Because it always takes more energy than just not burning the carbon in the first place. "Always" in the exact, scientific, ironclad sense of the word "always".

> Because it always takes more energy than just not burning the carbon in the first place. "Always" in the exact, scientific, ironclad sense of the word "always".

So what?

You're implicitly checking if energy is "lost", for some definition of energy loss. But that's not what's discussed here. Nobody's proposing a perpetuum mobile, we're just talking about environment. The question is, is it better to not burn in the first place or burn and then clean up? And the answer, perhaps surprisingly, is not obvious.

Yes, the article actually does a decent job at discussing this. For city driving it almost certainly doesn’t make sense compared to going electric. Neither does it make sense as an alternative to going to a carbon-free electric grid. Where it does make sense is in industrial processes where energy is not the largest cost factor, or the parts of transport industry where energy density and charging speed the most important characteristic (e.g. air travel, long-haul trucking).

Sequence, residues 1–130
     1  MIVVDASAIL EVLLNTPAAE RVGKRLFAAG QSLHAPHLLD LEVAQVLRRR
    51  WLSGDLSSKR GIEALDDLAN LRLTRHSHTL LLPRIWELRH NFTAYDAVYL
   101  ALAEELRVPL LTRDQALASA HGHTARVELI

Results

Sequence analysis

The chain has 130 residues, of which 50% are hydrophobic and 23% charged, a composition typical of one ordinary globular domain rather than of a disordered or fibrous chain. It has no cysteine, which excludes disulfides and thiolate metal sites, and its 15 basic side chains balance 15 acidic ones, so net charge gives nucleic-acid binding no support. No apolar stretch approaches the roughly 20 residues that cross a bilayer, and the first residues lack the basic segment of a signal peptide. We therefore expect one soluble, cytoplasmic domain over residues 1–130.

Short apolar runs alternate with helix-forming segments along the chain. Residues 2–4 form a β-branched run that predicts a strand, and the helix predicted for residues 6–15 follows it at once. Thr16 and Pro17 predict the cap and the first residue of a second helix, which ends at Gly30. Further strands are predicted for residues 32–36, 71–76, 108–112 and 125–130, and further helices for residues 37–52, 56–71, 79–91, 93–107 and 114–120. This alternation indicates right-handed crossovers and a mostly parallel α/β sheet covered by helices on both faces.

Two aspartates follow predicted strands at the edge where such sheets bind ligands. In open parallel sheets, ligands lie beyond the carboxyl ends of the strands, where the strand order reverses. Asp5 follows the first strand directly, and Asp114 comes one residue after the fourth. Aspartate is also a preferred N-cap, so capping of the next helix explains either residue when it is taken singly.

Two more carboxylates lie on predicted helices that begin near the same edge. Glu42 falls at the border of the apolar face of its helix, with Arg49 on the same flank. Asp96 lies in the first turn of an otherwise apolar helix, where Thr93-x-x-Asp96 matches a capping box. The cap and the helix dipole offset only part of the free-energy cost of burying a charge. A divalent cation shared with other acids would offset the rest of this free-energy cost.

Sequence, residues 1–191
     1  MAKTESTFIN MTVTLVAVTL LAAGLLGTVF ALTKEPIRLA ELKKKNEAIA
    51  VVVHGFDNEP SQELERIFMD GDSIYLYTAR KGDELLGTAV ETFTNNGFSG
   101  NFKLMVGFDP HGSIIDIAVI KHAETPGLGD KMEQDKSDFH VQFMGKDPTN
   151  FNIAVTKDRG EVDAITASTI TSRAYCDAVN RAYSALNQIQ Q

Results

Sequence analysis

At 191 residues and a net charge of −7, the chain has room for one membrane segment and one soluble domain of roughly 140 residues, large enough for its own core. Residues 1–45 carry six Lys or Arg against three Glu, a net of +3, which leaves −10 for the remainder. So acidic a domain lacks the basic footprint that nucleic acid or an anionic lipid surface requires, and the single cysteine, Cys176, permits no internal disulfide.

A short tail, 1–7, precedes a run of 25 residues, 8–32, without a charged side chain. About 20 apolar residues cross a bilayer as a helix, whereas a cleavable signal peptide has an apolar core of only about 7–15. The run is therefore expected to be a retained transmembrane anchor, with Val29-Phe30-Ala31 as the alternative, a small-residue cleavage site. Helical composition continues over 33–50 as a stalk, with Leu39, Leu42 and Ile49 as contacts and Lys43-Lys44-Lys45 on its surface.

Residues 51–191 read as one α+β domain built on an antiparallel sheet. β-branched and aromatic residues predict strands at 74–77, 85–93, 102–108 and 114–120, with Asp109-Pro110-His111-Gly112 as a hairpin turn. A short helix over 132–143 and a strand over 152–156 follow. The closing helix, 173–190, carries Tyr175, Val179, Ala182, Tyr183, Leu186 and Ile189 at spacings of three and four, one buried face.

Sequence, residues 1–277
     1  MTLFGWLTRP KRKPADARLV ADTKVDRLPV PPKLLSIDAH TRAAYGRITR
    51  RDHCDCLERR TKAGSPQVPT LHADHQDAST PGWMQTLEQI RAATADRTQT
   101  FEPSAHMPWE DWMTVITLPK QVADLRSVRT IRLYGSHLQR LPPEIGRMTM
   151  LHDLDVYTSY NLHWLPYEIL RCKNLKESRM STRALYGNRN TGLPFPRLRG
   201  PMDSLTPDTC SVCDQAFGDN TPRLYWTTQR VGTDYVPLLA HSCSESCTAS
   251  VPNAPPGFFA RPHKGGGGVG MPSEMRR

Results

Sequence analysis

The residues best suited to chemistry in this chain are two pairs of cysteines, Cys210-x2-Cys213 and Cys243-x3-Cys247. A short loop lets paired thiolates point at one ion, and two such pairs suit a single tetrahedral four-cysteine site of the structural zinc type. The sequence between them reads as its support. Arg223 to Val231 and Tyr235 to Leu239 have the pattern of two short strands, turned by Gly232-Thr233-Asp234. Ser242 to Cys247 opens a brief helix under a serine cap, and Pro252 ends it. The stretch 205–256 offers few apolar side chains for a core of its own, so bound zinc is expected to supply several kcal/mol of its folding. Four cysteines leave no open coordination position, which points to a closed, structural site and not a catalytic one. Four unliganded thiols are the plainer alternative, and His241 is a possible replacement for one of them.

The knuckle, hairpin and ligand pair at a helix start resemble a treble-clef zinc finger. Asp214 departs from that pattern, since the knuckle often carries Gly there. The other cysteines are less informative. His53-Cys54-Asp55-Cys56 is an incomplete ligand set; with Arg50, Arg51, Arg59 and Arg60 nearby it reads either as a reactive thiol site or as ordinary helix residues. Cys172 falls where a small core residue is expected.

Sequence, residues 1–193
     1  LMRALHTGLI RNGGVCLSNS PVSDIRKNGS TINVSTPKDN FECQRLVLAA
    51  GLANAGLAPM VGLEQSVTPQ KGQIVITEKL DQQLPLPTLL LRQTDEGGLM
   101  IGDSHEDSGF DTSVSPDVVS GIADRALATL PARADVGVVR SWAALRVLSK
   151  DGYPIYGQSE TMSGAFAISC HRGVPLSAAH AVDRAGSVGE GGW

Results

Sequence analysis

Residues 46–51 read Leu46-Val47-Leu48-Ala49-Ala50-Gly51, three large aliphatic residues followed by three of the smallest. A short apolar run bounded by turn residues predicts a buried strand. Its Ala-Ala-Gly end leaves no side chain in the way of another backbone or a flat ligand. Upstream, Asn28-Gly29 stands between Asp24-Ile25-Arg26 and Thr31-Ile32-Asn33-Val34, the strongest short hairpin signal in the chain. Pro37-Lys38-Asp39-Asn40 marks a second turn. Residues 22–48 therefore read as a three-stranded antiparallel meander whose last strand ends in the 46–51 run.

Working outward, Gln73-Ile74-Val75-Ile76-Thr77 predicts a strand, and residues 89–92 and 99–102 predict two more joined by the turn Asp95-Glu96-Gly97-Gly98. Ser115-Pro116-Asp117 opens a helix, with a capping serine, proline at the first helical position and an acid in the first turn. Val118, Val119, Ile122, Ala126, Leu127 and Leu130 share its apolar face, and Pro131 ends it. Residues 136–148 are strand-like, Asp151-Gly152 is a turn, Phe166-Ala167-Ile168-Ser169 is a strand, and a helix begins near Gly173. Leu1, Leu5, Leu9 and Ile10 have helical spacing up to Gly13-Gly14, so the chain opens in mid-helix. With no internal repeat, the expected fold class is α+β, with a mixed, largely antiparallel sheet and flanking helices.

I'm impressed by achievements of Sustainable Energy Solutions, a company in Utah, which specializes in energy-efficient cleanup of CO2-rich exhausts from power plants. Particularly the efficiency of the approach is worthy of attention, in my opinion. https://sesinnovation.com/

Umm, renewables to build more renewables.

Guidelines | FAQ | Lists | API | Security | Legal | Apply to YC | Contact